Amidst the harsh disparagement of the dance tradition, a few reviews appeared that spoke with a quiet clarity.  “A true protégé for Mallika,” one journal said, giving a thoughtful critique after a performance.  Sowmya brought the journal home and read it out to Mallika, but their measly praise only angered her.  
 
On Being a Difficult Woman: Roxane Gay, Salma Hayek, Jessica Williams, and Radical Discomfort | Adriana Ramírez
When I was sixteen years old, the National Hispanic Institute nominated me to attend a week-long, national summit on youth smoking prevention. When I arrived, an organizer told me that of the 100 youth picked nationally, I was the only Latina. She said, “We needed someone with your voice.”.
 
Review: White-eye Bird – The Vegetarian by Han Kang | Sue Rainsford
Han Kang’s The Vegetarian is a slim book, consistently hypnotic and surreal. This is partly because Yeong-hye, the eponymous vegetarian, spends the novel’s duration in a trance-like state. In short, the dream-logic that moves the book, its motives and outcomes, becomes hard to predict. 
 
Interview: The Excavation of Identity as a Political Act: A Conversation with Helena Maria Viramontes | Sampsonia Way
“But several months ago, there was one posting that I do remember that said, This is exactly why there should be more ethnic studies, courses, more alternative literatures, as part of the mainstream in order to expose, to educate. How else but literature can you feel that empathy? It’s the true power of transformation.” 
 
Interview: One’s Body is an Animal: A Conversation with Mary Gaitskill | Sampsonia Way
“Twenty years ago, when I first heard conversations about how you must write stories about Latino people for Latino audiences, and that you must give positive role models and positive characters, I thought that was the stupidest thing in the world. I thought, “That’s ridiculous, how could people need that?” But then I got to know this little Latino girl and through watching television and movies with her, I could see how important it was for her.”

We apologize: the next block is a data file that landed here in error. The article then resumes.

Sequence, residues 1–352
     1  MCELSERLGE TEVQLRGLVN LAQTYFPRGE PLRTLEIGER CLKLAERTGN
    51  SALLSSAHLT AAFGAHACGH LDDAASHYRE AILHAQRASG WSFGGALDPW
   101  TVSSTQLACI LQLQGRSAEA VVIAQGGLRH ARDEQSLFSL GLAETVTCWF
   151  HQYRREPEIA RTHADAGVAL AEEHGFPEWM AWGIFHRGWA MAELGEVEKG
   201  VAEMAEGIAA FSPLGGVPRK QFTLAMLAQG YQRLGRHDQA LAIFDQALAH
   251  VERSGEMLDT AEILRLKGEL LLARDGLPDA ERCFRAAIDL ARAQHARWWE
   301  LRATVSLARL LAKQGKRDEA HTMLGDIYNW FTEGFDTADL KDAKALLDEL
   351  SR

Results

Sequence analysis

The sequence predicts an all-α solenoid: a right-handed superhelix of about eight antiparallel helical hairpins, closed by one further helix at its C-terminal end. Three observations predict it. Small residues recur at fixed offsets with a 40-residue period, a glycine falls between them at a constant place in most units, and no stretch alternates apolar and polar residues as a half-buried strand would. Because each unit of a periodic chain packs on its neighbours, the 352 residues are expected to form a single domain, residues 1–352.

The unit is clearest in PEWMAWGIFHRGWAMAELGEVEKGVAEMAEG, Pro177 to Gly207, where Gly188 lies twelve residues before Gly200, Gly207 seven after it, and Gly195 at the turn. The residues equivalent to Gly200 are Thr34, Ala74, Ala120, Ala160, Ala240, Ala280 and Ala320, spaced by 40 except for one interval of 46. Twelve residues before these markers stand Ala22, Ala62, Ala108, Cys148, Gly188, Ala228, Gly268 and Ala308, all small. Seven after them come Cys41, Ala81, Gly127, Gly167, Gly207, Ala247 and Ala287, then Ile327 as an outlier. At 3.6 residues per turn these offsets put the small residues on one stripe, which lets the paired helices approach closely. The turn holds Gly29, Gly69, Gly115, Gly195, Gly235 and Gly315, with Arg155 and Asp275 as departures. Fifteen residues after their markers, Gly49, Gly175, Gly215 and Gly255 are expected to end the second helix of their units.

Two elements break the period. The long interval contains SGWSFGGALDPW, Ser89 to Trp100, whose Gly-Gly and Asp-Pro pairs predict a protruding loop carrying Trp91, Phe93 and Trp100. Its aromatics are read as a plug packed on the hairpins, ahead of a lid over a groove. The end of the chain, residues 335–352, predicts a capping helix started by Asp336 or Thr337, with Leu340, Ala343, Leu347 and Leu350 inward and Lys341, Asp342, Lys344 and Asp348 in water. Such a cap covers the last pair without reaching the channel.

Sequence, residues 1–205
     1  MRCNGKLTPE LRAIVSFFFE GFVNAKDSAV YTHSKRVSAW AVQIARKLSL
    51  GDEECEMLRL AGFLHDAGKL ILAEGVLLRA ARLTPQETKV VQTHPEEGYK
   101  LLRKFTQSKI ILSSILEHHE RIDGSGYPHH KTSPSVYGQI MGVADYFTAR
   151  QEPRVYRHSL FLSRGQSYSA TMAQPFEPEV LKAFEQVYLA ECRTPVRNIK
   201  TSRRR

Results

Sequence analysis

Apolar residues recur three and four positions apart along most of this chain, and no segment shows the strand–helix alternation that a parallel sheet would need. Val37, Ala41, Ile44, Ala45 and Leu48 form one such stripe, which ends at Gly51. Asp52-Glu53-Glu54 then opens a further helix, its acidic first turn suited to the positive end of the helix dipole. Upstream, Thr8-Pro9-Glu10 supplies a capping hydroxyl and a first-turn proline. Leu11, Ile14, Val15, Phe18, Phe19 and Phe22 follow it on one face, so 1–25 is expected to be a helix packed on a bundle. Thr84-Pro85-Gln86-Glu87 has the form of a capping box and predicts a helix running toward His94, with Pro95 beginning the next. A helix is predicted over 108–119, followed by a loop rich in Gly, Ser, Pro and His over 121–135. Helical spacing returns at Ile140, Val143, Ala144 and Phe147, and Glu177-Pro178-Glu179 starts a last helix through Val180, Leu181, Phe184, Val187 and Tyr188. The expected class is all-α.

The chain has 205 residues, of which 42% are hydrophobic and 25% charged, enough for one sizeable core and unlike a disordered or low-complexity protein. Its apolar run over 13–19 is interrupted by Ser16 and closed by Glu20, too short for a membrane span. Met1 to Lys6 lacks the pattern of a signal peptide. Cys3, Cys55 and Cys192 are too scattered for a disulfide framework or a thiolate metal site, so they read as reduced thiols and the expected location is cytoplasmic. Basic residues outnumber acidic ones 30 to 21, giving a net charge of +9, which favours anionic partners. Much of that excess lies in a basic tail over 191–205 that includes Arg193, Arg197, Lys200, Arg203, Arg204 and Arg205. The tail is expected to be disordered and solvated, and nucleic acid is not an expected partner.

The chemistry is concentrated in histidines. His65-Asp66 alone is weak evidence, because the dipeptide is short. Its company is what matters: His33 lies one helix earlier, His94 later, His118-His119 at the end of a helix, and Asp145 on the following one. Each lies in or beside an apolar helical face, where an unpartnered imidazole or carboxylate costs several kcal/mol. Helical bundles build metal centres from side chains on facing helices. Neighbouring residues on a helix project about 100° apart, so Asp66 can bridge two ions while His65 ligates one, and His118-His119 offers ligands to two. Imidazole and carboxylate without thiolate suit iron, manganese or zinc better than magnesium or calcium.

Upcoming Events
Visit us at AWP in Washington DC on February 8-12 in the book fair at table 755-T. We will be selling copies of What We Love and we would love to also meet you in person.
 
Join us for a reading with Maaza Mengiste & Geeta Kothari  as part of the Aster(ix) Reading Series at Aphabet City/ City of Asylum in Pittsburgh, PA. February 16, 2017 at 8:00 p.m. FREE Event
 

Maaza Mengiste‘s debut novel, Beneath the Lion’s Gaze, was selected by the Guardian as one of the 10 best contemporary African books and named one of the best books of 2010 by Christian Science Monitor.

Geeta Kothari is the nonfiction editor of The Kenyon Review. She is a two-time recipient of the fellowship in literature from the Pennsylvania Council on the Arts and the editor of ‘Did My Mama Like to Dance?’ and Other Stories about Mothers and Daughters. 

 
Show Your Shelf Some Love and BUY Fall Issue 2016What We Love
Aster(ix): What We Love compiles some of the most exciting poetry and prose by twenty one writers from all over the world: Dia Felix, Khadijah Queen, Amy Sara Carroll, Magda Kapa, Leila Christine Nadir, Laura Sims, Saudamini Deo, Saretta Morgan, Miranda Mellis, Karen An-hwei Lee, Chika Unigwe, Angela Karee, Kim Dana Kupperman, Janeil Page, Janelle Poe, Aurora Masum-Javed, Sarah Vap, Marlin M. Jenkins, Marie Ndiaye, Mahwash Shoaib and Vahni Capildeo.

This product is a paperback book.

Order Your Copy of What We Love
 
As usual, many of you know Aster(ix) is a work of puro amor devoted to writers, artists, thinkers and activists committed to social change. It runs on crazy midnight-oil kind of energy and thrives on word-of-mouth. So thank you to all of you who tweetinstagram, and subscribe to our newsletter, who like our FB page and cite us in your work. 
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Image Credits: Photo by Anthony McCall